The BRB Bottomline: 99,600,000. That’s how many unique viewers tuned in to the 2018 League of Legends eSports Finals, a viewership on par with the Super Bowl. With the advent of video game live streaming platforms like Twitch and YouTube Gaming, a rapidly developing culture centered around competitive video games challenges the age-old status quo of the sporting world and creates new opportunities for investors and entrepreneurs.
The sports industry has always had a strong value proposition—consumer loyalty is among the highest of any industry. The demand for tickets creates waiting lines that can last years, and exciting athletes shake up the landscape consistently. In addition, apparel brands and performance enhancers have attained monumental success by piggy-backing off the fame of superstar athletes. The Jordan Brand alone, which is sponsored by the (greatest) professional basketball player Michael Jordan, has earned Nike billions of dollars since the specialty brand’s inception.
However, in recent years, a new industry that draws its roots from competitive sports has emerged and become a powerhouse of entertainment. eSports, or competitive video gaming, has an estimated value of $138 billion (2018) and is currently the fastest growing entertainment industry. With millions of regular viewers and multiple industries benefiting from eSports’ stratospheric rise, this article takes a deeper look into why numerous financial sponsors, brands and sports teams like the Golden State Warriors and the Cleveland Cavaliers, are investing large amounts of capital into video games..
The Warrior Gaming Squad and Echo Fox
The success of eSports can be attributed to drivers similar to that of the traditional sporting industry. Professional player development, dramatic team dynamics, and seat-gripping tournaments lend to the excitement of eSports and explain why it has a larger fanbase than even the National Hockey League (NHL). As such, it is not surprising that the National Basketball Association (NBA) has taken steps toward capitalizing on the rising industry. In 2018, the NBA partnered with Take Two Interactive (NASDAQ: TTWO), the label holder for game developers including 2K and Rockstar Games, to launch the NBA 2K League—a professional eSports league centered around the NBA 2K basketball video games. This new video game league is projected to reach revenues of $1.1 billion in 2019, with year-over-year growth of 26.7%.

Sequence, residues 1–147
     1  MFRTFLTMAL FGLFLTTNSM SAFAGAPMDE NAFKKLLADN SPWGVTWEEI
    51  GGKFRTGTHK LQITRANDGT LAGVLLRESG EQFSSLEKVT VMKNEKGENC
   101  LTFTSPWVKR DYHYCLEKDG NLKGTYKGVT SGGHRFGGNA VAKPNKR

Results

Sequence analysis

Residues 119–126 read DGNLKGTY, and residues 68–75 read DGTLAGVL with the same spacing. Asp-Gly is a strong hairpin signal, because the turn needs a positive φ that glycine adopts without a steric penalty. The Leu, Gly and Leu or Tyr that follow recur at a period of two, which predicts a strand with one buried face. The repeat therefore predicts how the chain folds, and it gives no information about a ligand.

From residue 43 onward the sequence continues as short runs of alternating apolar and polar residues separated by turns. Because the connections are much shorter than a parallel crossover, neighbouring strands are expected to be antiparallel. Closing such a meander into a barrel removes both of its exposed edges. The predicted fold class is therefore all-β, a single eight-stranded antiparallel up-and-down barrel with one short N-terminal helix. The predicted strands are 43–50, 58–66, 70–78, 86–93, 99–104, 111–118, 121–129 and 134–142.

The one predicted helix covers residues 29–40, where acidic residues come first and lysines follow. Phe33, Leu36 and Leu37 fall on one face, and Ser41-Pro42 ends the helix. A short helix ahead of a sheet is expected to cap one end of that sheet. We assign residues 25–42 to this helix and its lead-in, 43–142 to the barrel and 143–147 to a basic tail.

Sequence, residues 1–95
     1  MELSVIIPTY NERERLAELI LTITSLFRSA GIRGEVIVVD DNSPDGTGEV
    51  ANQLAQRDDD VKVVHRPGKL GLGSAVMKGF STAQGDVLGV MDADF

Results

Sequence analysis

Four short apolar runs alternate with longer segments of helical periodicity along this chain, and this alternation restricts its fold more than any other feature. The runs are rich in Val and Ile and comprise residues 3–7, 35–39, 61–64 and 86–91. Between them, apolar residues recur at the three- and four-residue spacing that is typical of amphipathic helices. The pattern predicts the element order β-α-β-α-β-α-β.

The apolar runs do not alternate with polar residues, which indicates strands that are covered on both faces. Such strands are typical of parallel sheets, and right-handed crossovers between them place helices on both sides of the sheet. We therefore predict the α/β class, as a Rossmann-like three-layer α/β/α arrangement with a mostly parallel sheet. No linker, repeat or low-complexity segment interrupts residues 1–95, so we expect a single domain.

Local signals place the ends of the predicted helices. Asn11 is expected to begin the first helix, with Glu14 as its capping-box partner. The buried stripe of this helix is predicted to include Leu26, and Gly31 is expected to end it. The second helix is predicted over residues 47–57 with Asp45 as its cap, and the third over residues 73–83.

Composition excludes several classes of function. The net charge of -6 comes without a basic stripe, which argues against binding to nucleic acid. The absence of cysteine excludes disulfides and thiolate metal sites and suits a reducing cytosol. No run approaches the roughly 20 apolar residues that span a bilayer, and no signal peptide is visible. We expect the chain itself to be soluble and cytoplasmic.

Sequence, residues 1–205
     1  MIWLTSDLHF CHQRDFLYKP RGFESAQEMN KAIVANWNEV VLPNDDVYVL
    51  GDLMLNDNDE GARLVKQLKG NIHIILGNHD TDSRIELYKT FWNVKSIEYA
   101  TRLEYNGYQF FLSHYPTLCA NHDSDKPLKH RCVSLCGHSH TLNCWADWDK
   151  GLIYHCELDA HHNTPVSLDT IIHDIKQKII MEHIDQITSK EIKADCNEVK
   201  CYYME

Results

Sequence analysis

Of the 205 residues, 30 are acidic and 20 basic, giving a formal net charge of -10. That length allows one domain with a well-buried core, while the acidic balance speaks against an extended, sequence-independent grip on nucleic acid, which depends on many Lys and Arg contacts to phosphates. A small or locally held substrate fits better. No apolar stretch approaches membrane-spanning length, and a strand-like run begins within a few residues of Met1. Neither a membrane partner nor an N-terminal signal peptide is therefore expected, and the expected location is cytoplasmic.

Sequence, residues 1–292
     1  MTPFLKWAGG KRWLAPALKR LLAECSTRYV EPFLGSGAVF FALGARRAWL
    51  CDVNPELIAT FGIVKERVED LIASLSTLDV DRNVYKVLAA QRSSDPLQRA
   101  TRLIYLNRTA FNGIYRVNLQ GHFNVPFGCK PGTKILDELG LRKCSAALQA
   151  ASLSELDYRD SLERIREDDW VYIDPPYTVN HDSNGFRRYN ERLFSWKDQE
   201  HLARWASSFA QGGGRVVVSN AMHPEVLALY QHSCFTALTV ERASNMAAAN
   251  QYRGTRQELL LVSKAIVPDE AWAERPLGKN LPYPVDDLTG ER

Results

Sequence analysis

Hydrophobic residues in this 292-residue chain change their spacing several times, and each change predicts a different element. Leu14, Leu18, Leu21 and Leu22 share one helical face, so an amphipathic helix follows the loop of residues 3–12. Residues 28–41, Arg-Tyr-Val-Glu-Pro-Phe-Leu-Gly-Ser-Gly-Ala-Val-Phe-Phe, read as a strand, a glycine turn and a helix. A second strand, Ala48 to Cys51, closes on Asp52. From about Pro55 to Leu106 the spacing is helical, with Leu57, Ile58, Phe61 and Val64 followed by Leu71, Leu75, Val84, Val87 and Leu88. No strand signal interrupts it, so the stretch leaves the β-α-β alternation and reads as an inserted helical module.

Similarly, NBA franchises, such as the Golden State Warriors and the Los Angeles Lakers, have invested in their own 2K teams, forming the Warrior Gaming Squad and Lakers Gaming respectively. Games in the 2K League are broadcasted online, supported by advertising, and held in-person for which tickets are purchased in the same manner as traditional sporting events. In addition, 2K teams also earn additional revenue by selling team-related merchandise, just like in the physical sports industry.
Surprisingly, the 2K League is not even the most profitable eSports competitive league. League of Legends, a multiplayer online battlefield arena (MOBA) game released in 2009 and developed by Riot Games, a subsidiary now under Chinese conglomerate Tencent, has amassed a monthly player base of 67 million people and, until recently, operated the highest grossing competitive eSports league (the top spot has since been taken by Fortnite). In 2018 alone, League of Legends earned top-line revenues of $1.4 billion, which is down from its peak of $2.1 billion in 2017. This single game has multiple nation-based competitive leagues, including the LCS for North America, the LCK for South Korea, and the LCL for China.
In December 2015, Rick Fox, former Boston Celtics basketball player and partner at private equity firm Vision Venture Partners, purchased Gravity Gaming (now known as Echo Fox), a professional League of Legends team, for around $1 million. Just recently, Rick Fox agreed to sell Echo Fox’s LCS franchise slot to Kroenke Sports and Entertainment for $30.25 million. Other investors have also boarded the eSports-team investing train. Stephen Curry, former NBA MVP and champion, participated in the Series A round of funding led by Bessemer Venture Partners for Team SoloMid. This eSports team was able to raise a total of $37 million.
Streaming Platforms: The Benefactors of eSports
In recent years, the transition from TV broadcasting to streaming media has been rapid. The tremendous success of streaming platforms can be attributed to the efficient facilitation of a product-to-person delivery system, which results in higher consumer satisfaction. Typing in the title of the latest streaming craze into Google generates instantaneous search results that link entertainment seekers to low-cost subscription or free-to-use streaming platforms (i.e. YouTube, Netflix, Hulu). This wide availability of content has slowly made America’s pastime of flicking through TV channels irrelevant. eSports is one of the many media outlets that has been blessed by tremendous viewership exposure, thanks to this shift in entertainment media.